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BRUSSELS: A new law, expected to come into force later this year, will require at least 6,000 publicly-listed companies in Europe to report on key human rights and environmental issues within their supply chains. This follows a last-minute compromise deal between the EU Council of Ministers and the European Parliament.

However the European Coalition for Corporate Justice (ECCJ) – representing NGOs, consumer groups, trade unions and academics – said it was a "timid step forward" in forcing companies to be more transparent because Germany, the UK and Poland had weakened the proposal.

Nevertheless, for the first time companies will have to explicitly report on environmental, human rights, social, corruption, and diversity issues. Reporting will now cover the policies they have in place to manage not only financial but also environmental and social risks.

ECCJ oilslick 101110 2The new law will also require companies to identify, prevent, mitigate and account for adverse impacts they may have on workers, communities, and the environment as they relate to the supply chain. Guidelines on how to report water and land use, greenhouse gas emissions and use of materials are expected from the European Commission in the next two years.

ECCJ coordinator Jerome Chaplier said: "This is an important step forward as it means citizens and investors will have access to meaningful information from companies – rather than the selective and often misleading data currently provided. ...This means a listed large oil company will have to report on its oil spills and the health risks from gas flaring for example, or a listed clothing retailer will have to consider risks in its supply chain."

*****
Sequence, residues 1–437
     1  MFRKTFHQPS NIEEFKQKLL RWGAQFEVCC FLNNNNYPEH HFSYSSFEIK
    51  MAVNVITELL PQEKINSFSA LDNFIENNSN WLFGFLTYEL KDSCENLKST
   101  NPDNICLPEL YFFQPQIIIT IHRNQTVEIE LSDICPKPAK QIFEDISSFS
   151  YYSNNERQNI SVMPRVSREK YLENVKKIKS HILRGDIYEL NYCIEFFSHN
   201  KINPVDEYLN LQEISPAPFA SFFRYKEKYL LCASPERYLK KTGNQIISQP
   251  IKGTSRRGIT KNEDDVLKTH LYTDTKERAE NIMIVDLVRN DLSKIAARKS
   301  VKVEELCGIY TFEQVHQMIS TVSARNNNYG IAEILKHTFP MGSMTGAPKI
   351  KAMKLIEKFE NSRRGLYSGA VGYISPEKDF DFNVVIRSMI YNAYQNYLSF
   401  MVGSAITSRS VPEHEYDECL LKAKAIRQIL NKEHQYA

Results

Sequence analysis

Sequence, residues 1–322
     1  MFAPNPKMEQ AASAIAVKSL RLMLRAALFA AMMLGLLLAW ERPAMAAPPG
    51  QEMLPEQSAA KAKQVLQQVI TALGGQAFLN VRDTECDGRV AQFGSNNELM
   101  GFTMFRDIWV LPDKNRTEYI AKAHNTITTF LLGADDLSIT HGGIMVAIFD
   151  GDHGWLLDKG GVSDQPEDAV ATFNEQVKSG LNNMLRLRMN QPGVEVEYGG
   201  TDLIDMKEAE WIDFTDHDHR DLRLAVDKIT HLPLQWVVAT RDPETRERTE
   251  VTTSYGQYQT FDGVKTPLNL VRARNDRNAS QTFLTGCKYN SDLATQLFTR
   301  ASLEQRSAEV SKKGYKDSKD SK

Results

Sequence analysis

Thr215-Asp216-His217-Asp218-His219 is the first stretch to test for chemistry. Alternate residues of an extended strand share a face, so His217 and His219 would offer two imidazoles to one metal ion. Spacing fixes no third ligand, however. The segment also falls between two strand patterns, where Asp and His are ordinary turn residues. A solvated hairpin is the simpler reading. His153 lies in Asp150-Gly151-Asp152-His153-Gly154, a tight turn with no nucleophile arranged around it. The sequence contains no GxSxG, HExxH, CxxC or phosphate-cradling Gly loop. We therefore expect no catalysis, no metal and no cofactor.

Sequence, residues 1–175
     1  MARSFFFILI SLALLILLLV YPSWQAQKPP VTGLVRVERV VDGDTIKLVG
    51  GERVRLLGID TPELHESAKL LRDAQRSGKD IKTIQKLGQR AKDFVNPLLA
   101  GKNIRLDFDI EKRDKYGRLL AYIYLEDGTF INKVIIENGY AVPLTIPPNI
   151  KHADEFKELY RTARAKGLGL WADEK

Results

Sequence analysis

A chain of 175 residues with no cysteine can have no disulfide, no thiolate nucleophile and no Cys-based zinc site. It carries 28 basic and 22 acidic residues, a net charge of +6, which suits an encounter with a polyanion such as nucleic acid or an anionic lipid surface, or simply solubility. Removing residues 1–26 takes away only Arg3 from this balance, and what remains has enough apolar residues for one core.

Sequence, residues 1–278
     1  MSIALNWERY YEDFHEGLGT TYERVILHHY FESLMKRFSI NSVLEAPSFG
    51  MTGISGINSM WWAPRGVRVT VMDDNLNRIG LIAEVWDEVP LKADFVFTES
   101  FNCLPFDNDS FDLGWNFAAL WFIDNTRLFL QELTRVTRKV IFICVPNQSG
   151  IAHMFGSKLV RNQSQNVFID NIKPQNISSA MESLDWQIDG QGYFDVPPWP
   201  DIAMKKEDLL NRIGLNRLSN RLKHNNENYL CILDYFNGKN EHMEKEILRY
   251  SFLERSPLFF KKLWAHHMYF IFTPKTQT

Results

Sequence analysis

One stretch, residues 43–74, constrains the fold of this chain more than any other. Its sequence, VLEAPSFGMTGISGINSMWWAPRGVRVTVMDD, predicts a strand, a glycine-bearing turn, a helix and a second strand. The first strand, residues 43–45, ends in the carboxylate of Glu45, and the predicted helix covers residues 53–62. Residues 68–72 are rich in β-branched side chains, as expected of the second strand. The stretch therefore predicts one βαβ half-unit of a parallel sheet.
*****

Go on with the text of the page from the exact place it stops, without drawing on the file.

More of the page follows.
In a related issue, Global Witness, a campaigner for the ban on conflict minerals in the supply chain, said a new proposal by the Commission on responsible sourcing of minerals will not stop companies from financing conflict or human rights abuses.

The Commission has announced voluntary measures that will only apply to companies importing processed and unprocessed minerals into the European market. The proposal covers companies involved in the tin, tantalum, tungsten and gold sectors – widely used in industrial technology and consumer products.

Sophia Pickles from Global Witness commented: "The proposal is tantamount to the EU saying that it's ok for companies to choose not to behave responsibly. This risks undermining the duty states have to protect human rights, which is well-established under international law. The proposal could even be redundant. EU governments have already endorsed voluntary due diligence guidance developed by the Organisation for Economic Co-operation and Development."

Aid and human rights organisations have also expressed disappointment that the proposal is so narrow: "By focusing only on four minerals, the Commission fails to address reports that other natural resources are also fuelling conflict," said Astrid Schrama from PAX. "Our research shows that in Colombia, coal extraction has financed the creation of armed paramilitary groups that have caused the deaths of thousands and has led to the displacement of at least 60,000 people in the mining area of Cesar region."

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